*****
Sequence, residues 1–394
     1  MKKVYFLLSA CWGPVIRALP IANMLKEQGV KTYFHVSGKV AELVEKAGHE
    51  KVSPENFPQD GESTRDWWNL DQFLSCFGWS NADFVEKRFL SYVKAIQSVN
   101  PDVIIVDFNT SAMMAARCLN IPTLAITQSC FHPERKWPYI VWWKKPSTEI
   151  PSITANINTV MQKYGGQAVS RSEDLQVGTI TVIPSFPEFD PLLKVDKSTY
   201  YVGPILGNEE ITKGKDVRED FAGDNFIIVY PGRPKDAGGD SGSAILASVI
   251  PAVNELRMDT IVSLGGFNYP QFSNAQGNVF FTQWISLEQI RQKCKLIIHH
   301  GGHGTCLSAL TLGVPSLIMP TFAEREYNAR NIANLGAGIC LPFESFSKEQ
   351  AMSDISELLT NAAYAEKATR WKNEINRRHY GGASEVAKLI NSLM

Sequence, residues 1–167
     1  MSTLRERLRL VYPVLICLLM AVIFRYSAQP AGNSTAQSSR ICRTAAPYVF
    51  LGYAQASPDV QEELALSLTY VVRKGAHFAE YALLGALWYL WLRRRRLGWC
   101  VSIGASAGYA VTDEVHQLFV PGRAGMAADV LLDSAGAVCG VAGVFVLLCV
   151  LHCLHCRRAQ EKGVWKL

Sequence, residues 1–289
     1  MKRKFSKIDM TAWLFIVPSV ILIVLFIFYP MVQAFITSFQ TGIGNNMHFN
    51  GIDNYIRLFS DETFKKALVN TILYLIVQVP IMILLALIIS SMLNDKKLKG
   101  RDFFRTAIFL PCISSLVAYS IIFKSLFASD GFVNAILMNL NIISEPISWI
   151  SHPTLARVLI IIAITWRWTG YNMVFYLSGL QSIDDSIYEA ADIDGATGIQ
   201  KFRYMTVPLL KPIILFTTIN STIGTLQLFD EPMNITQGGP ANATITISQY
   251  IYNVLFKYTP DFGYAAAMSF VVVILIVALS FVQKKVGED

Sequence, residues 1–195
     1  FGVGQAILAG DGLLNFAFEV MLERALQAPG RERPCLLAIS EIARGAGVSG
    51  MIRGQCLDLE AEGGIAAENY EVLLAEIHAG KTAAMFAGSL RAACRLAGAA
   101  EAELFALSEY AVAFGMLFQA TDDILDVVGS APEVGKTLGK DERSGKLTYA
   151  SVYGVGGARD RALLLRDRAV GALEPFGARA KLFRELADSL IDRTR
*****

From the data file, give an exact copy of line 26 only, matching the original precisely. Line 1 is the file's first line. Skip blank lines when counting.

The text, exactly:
   151  SVYGVGGARD RALLLRDRAV GALEPFGARA KLFRELADSL IDRTR